I have to admit it, I’m a grumpy old git when it comes to TV nowadays. I get completely hung up on how 90% of shows are aimed at young adults with the mental age of dental floss. I get even more hung up on how the vast majority of TV comedy shows, gameshows and sitcoms are contrived, self indulgent, ill thought out and badly performed. I get even more hung up on how the BBC gets dragged into this shit-pit of programming by its lesser competitors in the search for ratings. And blood vessels in my forehead explode with indignation every time I catch any part of an episode of “How Not To Live Your Life,” which has to be the most abhorrent, drippiest and narcissistic example of jobs for the boys television. See how grumpy I am?
So when I saw the ident for new BBC comedy “The Trip,” I expected the worst. The premise of a road trip sitcom starring two of the most revered men in comedy in Rob Brydon and Steve Coogan, playing “themselves” reeked of self love and lazy pay packet television. How wrong I was.
“The Trip” is insanely watchable. While its central focus has Brydon and Coogan talking bollocks, making impressions and generally annoying the shit out of each other, the overall picture is much greater than the sum of these rib-ticklingly hilarious parts. A simple tale in essence of two men driving through a miserably autumnal Lake District to sample local restaurants gives way to a slap-in-the-face reality check of what’s actually important in life. And like the fine food they enjoy with each meal, the sense of wistful yet comic satisfaction is delicious. No British comedy has gone anywhere near this since “The Office.”
"While its central focus has Brydon and Coogan talking bollocks, making impressions and generally annoying the shit out of each other, the overall picture is much greater than the sum of these rib-ticklingly hilarious parts"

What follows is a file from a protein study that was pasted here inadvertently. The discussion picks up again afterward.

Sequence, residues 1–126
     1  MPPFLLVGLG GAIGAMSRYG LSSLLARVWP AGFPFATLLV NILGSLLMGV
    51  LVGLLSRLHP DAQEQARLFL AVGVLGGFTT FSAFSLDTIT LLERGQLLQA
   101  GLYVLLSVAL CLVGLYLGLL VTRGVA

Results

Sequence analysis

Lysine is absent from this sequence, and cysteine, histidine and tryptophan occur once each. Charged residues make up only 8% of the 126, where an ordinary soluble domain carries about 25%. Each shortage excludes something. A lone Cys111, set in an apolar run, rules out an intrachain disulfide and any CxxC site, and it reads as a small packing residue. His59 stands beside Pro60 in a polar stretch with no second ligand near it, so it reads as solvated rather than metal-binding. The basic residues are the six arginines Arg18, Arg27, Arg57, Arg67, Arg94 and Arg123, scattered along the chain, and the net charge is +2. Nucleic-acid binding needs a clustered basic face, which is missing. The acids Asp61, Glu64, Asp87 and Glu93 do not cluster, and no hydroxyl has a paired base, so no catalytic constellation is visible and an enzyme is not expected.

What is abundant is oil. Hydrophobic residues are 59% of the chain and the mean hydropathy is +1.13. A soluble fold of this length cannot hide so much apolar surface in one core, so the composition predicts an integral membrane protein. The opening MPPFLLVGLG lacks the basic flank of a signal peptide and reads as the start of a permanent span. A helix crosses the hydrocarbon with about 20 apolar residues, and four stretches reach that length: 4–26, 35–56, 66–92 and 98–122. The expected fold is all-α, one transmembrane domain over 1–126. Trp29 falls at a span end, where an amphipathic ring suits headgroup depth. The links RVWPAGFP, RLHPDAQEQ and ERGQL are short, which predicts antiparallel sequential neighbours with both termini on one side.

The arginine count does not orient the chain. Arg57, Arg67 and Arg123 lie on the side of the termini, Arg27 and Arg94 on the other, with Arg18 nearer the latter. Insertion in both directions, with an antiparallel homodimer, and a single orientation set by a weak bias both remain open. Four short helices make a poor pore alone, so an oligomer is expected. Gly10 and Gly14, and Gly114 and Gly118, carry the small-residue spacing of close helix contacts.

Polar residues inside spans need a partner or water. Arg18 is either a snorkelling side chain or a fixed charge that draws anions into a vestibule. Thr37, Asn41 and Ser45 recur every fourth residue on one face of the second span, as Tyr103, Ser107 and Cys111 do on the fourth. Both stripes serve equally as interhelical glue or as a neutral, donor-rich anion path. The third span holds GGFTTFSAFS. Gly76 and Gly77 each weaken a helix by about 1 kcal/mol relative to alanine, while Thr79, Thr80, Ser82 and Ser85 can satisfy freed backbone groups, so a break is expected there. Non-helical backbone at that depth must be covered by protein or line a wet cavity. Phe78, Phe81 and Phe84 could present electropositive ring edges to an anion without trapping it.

At a time where our screens our dominated by shows which promote the search for vacuous fame or excessive wealth, “The Trip” is entirely unusual and refreshing in its stark honesty. While we are treated to a veritable banquet of Brydon and Coogan career references (on one occasion we have Coogan standing at the top of a picturesque valley screaming “A-ha!!”), we are consistently sitting smack-bang in the front row of Brydon and Coogan’s inner turmoil. Between them, they are an uber famous and successful pair, but does this make them happy? Whether this is Brydon/Coogan the men or Brydon/Coogan the characters – it really doesn’t matter. Against the open spaces of the Lakes, our comedy heroes are simply human. Despite constantly reminding themselves, and us, of their talents, they are not surrounded by agents, ego massaging hangers-on and yes men. The system that maintains their careers are nowhere to be seen in the deep countryside, and this creates a puzzling paradox for Brydon and Coogan. Maybe being rich, famous and successful isn’t all it’s cracked up to be.
Here we find two men at the top of their game, moving the comedy goalposts. Sublime.
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